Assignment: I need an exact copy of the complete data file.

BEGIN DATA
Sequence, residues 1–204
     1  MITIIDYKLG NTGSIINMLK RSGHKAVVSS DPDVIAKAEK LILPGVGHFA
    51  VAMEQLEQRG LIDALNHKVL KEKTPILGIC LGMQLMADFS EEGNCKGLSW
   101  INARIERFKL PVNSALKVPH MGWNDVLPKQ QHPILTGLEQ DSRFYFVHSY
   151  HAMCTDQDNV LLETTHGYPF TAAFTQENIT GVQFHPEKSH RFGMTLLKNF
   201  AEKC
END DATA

Sequence, residues 1–204
     1  MITIIDYKLG NTGSIINMLK RSGHKAVVSS DPDVIAKAEK LILPGVGHFA
    51  VAMEQLEQRG LIDALNHKVL KEKTPILGIC LGMQLMADFS EEGNCKGLSW
   101  INARIERFKL PVNSALKVPH MGWNDVLPKQ QHPILTGLEQ DSRFYFVHSY
   151  HAMCTDQDNV LLETTHGYPF TAAFTQENIT GVQFHPEKSH RFGMTLLKNF
   201  AEKC